Sold – A Review

“Trying to remember, I have learned, is like trying to clutch a handful of fog. Trying to forget, like trying to hold back a monsoon.”

I have been offered many illegal things in different places I have lived, but Calcutta is the only place where I was offered preteens for “very small price”. It was so implausible that it was only seconds after the interaction that the true nature of the offer dawned on me and I felt sick to my stomach. It remains a very strong, repellant and visual memory. While my focus in general on this blog is on books for younger children, reading SOLD by Patricia McCormick this week was such an emotive experience that I felt the need to review this YA book here. It is a book that reflects some serious research by the author and through this moving story does, I believe, do an effective job in opening our hearts to a cultural situation so very removed from our own.

Sold is the fictional account of a thirteen-year-old Nepalese girl, Lakshmi. As with so many villagers high up in the Himalayas, life is precarious, even more so when the head of the household, Lakshmi’s stepfather, is an irresponsible, drunken cripple. The arrival of the monsoon season threatens to strip the family of the little they have, and Lakshmi is ordered by her stepfather to take work in the city to ensure the family’s survival. We are not told explicitly, but my interpretation is that the stepfather knowingly sells his stepdaughter for a small sum into prostitution.

The choice of poetic prose as the literary vehicle of this novel is astute and persuasive. Sentences, paragraphs and often chapters, are short, but pack an incredible punch. The story switches from familiar, comforting Himalayan images to harsh, cruel facts. Even in such degradation, supportive relationships are possible and bring a lifeline to Lakshmi, along with her calculations as to how long it will take to pay of her debt to Mumtaz, the brothel boss. So many have deceived her that slowly she becomes a little hardened and a little street-wise. Having been beaten, starved, drugged and raped she still clings to hope, until discovering that her debt to Mumtaz can never de paid off. The book does end with the possibility of freedom and this is my only hesitation, as I would have loved to have had more be made of what indigenous Indians and Nepalese are doing to combat this sex slavery. At the same time, I am sure what American , and other nations’ NGO’s and missions are doing, is laudable and valuable.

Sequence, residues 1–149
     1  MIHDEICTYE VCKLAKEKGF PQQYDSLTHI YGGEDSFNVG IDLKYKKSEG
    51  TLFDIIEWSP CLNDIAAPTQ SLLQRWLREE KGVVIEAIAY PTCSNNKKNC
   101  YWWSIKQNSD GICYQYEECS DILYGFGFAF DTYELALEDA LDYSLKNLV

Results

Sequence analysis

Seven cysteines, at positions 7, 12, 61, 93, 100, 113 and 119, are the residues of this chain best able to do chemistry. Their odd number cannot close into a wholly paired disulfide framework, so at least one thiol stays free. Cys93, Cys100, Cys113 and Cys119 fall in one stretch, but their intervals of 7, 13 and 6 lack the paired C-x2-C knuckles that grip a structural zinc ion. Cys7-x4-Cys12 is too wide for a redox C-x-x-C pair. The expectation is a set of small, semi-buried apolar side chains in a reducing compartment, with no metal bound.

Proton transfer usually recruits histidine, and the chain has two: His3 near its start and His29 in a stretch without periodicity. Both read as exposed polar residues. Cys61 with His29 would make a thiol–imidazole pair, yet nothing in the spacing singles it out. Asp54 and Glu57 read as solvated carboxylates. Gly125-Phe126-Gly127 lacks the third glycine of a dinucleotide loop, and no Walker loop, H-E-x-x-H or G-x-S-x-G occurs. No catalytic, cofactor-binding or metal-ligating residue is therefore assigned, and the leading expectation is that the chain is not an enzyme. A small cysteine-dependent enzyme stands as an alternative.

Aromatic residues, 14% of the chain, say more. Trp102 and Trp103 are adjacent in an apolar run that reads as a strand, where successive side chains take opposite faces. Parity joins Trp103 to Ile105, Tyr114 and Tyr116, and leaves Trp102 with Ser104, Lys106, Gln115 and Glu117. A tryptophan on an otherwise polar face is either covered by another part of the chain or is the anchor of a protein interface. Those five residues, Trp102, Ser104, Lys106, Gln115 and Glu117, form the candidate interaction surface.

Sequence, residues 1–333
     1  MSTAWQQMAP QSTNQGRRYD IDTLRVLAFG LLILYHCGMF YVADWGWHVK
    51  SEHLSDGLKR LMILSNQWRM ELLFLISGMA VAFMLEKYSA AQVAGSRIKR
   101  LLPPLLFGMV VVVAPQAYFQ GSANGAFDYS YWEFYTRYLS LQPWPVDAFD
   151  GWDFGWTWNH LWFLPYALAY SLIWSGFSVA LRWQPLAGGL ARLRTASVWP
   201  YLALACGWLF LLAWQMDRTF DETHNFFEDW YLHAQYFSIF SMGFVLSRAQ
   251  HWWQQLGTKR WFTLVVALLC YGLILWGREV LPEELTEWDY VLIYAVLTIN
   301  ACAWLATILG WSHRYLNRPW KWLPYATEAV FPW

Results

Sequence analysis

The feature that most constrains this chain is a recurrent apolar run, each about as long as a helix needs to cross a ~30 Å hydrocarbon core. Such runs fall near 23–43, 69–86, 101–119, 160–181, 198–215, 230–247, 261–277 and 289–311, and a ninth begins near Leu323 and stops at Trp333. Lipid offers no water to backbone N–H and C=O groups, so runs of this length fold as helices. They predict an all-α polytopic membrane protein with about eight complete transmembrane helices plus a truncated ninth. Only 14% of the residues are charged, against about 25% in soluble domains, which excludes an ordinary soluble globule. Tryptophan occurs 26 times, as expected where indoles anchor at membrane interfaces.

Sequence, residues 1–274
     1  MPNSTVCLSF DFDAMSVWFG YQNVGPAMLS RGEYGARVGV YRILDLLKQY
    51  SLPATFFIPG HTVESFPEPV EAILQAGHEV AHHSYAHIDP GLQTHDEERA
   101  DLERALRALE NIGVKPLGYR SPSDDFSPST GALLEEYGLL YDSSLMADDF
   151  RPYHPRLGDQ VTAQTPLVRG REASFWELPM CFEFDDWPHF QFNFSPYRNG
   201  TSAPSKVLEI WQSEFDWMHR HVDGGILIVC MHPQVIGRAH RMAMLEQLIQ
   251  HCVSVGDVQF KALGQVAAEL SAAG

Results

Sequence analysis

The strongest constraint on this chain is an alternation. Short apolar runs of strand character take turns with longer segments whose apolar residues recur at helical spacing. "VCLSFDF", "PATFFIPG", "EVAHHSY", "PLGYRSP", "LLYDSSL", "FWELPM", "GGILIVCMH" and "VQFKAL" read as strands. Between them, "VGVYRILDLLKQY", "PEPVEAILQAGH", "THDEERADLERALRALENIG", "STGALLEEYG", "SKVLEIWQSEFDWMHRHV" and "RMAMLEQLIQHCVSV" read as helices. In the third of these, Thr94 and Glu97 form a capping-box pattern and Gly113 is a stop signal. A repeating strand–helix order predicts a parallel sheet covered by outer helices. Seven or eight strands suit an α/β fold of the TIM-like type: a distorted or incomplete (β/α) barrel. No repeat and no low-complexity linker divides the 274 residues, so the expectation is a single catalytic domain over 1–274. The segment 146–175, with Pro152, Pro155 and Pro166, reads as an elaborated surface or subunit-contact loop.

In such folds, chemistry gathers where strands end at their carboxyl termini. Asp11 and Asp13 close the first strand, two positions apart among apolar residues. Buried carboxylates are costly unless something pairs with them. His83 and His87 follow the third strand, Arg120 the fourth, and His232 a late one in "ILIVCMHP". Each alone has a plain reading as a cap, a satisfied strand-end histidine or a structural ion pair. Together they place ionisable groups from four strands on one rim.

I don’t know that many of us can ever really identify with a character like Laskshmi, but McCormick’s portrayal of the protagonist certainly provokes empathy. Life in the brothel has just enough detail included and excluded to horrify and yet give a whisper of hope, making me believe this book would be accessible to even some (mature) young teens. The free verse is a beautiful and easy read, but one very hard on the heart. This book will be among others on my desk ready to lend out this term. I think it important to note that while this book is based on the fact that 12,000 Nepali girls are sold each year by their families, knowingly or unknowingly into a life of sexual slavery in the brothels of India, this problem is in no way just restricted to the Indian subcontinent. This type of huma traffiking is big business in Europe, as in other parts of the world, and books such as Sold help raise awareness of these tragic facts.

I am very much looking forward to Patricia McCormick being interviewed on Emma Walton Hamilton’s Children’s Book Hub next month.

Sold won the following :

ALA Top 10 Best Book for Young Adults 2007

National Book Award Finalist 2007

National Public Radio – Top 100 Books of the Year 2007

Book Sense Pick 2007

California Young Reader Medal 2007

Quill Award 2007

Gustav-Heinemann-Peace Prize 2008